I’m from Tennessee, but I don’t have a southern accent. When I’m not conducting research or teaching psychology, I can be found alongside my wife watching movies (of the non-horror variety), hiking, or traveling. Photography, music, and Earl Grey tea are my other passions.
Academic Background and Research
Our perception of time is fundamental to how we interact with the world around us. Perceptions of tempo (speed) and availability (affluence) influence and are influenced by numerous endogenous (e.g., emotions) and exogenous (e.g., environment) variables. My research attempts to elucidate these relationships by addressing the following (and other related) questions: How do positive and negative emotions that differ in motivational direction (approach vs. withdrawal) and intensity influence our perceptions of time? How does time affluence (vs. famine) impact the speed at which we perceive time passing? What is the relationship between attentional scope and our perception of time?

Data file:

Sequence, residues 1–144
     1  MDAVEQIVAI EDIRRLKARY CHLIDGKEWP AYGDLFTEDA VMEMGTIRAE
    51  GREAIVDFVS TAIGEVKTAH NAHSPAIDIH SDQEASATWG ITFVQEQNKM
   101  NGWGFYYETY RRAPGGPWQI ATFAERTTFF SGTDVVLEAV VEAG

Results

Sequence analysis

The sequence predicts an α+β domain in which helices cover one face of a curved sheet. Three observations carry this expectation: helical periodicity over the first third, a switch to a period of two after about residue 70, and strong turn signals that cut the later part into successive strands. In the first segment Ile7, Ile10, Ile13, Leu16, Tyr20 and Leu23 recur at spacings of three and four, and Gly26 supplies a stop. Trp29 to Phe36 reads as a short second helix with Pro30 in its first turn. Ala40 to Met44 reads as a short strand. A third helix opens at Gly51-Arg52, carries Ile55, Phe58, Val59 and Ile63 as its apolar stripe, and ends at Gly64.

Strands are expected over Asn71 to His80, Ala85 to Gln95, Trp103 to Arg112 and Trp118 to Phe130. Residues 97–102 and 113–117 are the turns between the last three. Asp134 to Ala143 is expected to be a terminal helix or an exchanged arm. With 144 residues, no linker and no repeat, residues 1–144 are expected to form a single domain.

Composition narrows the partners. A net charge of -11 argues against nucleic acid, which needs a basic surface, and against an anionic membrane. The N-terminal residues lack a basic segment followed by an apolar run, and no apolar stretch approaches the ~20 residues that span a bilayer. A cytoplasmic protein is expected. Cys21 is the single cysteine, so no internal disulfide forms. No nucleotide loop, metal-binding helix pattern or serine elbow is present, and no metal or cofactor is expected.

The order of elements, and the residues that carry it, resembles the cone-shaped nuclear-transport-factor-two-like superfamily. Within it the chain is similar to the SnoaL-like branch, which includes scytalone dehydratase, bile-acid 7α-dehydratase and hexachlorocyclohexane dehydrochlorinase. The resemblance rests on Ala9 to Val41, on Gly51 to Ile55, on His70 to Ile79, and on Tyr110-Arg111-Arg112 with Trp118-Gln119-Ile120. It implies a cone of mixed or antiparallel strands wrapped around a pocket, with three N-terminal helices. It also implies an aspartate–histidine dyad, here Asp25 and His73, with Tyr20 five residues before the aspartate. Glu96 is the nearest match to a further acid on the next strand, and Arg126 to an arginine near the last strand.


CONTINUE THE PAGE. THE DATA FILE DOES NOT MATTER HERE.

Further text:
In this line of research, I examine how approach- or withdrawal-motivated emotions broaden or narrow attentional scope. I have also examined how this broadening/narrowing relates to various neurophysiological markers of attention, such as frontal cortical asymmetry, the N1 ERP component, and the late positive potential ERP component.
emotions and cognitive breadth/load
If emotion and motivation interact to influence perceptual (e.g., attentional) processes, how do they influence other cognitive processes? How do approach- or withdrawal-motivated emotions influence cognitive categorization? What about working cognitive load or memory capacity?
I’m also interested in testing different methods of improving teaching effectiveness in the classroom. Specifically, I want to find practical ways to enhance students’ self-efficacy (and enjoyment) when learning research methods and statistics.
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